Richmond City Council member’s fundraising might violate state law
Ann-Frances Lambert failed to set up a campaign committee for her current House of Delegates run.
Richmond City Councilmember Ann-Frances Lambert has spent over a month soliciting campaign donations in a bid to join Virginia’s House of Delegates.
But the Democrat, who is in a three-way primary for the 79th House District seat in the eastern half of Richmond, never set up a campaign committee to collect contributions in an apparent violation of state campaign finance law.
Lambert’s campaign website contains a prominent “Donate” button that links to a page run by the Democratic donation site ActBlue asking for contributions of $7 or $9. She also made a call for donations at her Jan. 15 campaign kickoff event, according to a video posted to her website.
“As you all can see around the room, there's little QR codes that we put together. That takes you right to my website that takes you to where you can donate, you can volunteer,” Lambert told the crowd.
Lambert did not respond to emails, Instagram messages or voicemail messages left with an aide for this story.
The lack of financial reporting makes it unclear how Lambert’s fundraising stacks up against her opponents for the June 20 Democratic primary: attorney Rae Cousins and Richard Walker, CEO of the nonprofit Bridging the Gap in Virginia. Cousins reported raising more than $181,000 as of the end of last year, including a $100,000 donation from the clean energy group Clean Virginia — and a separate $35,000 from Charlottesville philanthropist Sonjia Smith, who is married to Clean Virginia’s main backer, Michael Bills. Walker announced his candidacy after the last reporting deadline.
The winner of the primary faces favorable odds in the newly redrawn, heavily Democratic district that encompasses much of Richmond’s Northside, Southside and East End neighborhoods.
Lambert’s father, Benjamin Lambert III, served in the General Assembly as a delegate and state senator from 1986 to 2007.
Ann-Frances Lambert was elected to represent the Northside District on City Council in 2020, where she helped select the development team behind the planned Diamond District project and supported a proposal to give city employees more leeway in collective bargaining.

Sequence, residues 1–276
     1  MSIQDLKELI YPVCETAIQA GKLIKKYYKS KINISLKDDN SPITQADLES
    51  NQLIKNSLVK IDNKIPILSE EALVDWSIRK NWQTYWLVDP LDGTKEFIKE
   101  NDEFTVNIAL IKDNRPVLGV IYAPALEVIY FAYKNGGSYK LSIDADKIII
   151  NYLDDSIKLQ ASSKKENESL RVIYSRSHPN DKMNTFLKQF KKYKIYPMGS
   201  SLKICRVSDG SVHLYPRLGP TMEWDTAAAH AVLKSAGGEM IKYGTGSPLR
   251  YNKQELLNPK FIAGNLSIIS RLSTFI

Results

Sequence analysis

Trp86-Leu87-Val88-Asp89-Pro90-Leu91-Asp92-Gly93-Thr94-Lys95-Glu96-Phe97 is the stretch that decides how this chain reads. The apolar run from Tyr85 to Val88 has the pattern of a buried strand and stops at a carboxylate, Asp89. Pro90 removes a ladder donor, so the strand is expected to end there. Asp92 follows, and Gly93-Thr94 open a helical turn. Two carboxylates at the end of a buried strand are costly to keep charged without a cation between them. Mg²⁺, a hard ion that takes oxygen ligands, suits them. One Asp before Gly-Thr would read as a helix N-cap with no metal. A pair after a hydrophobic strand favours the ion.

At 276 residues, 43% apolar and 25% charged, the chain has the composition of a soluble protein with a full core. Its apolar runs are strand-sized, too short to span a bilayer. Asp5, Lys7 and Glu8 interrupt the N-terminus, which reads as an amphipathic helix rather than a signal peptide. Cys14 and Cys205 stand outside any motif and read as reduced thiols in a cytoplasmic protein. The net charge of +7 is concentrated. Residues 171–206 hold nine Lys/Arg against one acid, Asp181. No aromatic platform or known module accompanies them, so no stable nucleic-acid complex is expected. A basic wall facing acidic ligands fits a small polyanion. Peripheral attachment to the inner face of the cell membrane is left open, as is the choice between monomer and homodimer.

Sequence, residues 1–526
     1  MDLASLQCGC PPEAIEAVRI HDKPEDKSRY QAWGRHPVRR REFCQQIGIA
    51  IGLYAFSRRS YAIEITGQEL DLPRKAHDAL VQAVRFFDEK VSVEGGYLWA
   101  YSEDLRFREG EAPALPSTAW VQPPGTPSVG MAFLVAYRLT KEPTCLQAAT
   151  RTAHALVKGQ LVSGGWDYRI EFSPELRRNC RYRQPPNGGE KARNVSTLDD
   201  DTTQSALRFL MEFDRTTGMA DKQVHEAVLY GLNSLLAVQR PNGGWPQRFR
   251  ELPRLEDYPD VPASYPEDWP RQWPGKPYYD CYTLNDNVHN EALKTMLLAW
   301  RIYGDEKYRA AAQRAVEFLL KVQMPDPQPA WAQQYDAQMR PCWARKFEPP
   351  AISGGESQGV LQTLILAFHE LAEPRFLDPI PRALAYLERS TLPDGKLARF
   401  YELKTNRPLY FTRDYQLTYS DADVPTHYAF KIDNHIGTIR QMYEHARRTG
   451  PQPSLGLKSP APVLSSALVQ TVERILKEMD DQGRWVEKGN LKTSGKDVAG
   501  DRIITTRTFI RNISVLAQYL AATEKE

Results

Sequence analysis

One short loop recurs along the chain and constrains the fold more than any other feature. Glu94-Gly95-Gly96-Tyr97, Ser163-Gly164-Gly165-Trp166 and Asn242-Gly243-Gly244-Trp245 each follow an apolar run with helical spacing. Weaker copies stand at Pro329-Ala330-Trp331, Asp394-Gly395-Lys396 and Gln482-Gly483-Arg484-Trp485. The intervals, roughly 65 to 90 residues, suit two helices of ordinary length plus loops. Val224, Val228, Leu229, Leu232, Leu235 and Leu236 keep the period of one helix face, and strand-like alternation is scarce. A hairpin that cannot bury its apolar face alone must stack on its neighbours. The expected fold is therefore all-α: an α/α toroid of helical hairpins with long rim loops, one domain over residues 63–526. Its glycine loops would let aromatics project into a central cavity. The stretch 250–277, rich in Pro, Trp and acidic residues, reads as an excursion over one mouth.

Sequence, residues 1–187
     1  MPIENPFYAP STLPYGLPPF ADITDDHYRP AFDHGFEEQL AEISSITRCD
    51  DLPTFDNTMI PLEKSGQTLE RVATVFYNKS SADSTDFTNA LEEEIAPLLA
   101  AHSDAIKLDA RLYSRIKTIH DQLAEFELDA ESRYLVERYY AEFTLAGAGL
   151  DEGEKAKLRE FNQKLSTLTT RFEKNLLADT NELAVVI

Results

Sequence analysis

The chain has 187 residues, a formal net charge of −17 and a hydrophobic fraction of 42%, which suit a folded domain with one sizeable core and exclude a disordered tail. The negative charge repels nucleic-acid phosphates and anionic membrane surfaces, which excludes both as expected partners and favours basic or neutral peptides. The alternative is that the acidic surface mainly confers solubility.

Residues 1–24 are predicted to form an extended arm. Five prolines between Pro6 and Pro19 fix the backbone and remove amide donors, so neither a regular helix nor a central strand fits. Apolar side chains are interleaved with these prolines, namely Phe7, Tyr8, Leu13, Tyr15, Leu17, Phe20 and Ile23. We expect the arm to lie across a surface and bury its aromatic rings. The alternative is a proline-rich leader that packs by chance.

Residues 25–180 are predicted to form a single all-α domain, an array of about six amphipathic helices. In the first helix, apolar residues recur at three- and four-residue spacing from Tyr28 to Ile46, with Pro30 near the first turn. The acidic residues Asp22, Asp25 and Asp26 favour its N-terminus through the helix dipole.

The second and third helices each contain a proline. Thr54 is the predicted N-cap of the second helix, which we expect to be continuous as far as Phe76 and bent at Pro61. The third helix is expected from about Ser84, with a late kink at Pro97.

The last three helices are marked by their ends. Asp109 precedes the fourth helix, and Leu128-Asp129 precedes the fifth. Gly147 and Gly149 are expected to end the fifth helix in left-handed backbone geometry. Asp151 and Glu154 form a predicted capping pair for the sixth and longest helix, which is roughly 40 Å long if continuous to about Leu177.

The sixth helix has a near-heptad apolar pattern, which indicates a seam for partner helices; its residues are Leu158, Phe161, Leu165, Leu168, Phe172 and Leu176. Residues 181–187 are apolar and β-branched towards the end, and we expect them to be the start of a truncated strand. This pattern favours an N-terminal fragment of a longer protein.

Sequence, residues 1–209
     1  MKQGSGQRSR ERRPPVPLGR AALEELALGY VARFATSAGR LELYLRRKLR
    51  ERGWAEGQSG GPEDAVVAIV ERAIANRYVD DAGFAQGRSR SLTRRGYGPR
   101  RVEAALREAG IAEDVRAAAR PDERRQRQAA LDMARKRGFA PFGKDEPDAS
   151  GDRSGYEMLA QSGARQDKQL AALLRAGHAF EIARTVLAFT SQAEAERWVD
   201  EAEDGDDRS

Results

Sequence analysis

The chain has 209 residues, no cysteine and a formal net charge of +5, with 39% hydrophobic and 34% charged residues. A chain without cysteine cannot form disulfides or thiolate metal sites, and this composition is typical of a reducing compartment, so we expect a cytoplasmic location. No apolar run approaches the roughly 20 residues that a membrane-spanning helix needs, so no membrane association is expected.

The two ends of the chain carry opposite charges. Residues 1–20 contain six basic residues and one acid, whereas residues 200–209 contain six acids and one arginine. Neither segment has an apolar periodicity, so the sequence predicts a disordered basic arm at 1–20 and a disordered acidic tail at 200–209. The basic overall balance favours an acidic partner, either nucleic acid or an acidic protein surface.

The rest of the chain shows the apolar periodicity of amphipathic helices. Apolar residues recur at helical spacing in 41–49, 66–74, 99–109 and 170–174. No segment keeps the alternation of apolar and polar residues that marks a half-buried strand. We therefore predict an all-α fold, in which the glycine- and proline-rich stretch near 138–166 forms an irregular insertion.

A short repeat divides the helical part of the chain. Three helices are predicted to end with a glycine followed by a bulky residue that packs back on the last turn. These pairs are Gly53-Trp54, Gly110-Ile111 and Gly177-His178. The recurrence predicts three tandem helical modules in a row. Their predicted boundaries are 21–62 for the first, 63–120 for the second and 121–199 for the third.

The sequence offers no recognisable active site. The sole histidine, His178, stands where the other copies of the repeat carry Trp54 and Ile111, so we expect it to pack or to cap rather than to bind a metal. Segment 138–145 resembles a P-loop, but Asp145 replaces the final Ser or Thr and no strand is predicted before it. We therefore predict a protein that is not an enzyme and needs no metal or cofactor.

She’s also drawn controversy. Lambert voiced her hesitancy over getting vaccinated against COVID-19 and clashed with some Northside residents over their support for traffic-calming measures. In November, she drew a backlash on Twitter after calling another user a “Karen” for complaining about a truck blocking a sidewalk.
Lambert and her brothers previously operated Hyperlink Café on Grace Street, an internet lounge and oxygen bar. A 2005 Richmond Times-Dispatch review noted the cafe offered 20 different “scents” and mixtures like “hangover helper” and “invigorating.” Reviewer Paige Akin tested “clarity” and likened it to “easing your way into a cool swimming pool on a steamy Richmond afternoon.”
The business faced lawsuits from contractors in 2004 and, operating under the name Xscape, was padlocked by state tax officials in 2011 over an unpaid tax bill totalling more than $76,000, according to Style Weekly. It’s unclear if Ann-Frances was still involved in the business at the time. Court records indicate the state released its lien on Hyperlink Café LLC in 2016.
Political analyst Bob Holsworth predicted neither the former tax bill nor the apparent campaign finance violation would doom Lambert’s candidacy.
“Campaign finance violations, unless they are extraordinarily egregious, rarely motivate voters in primaries,” Holsworth said. “Since she’s been elected to council since the tax situation was resolved, it seems to me that her opponents will have to examine her record and suggest why she doesn’t deserve a promotion.”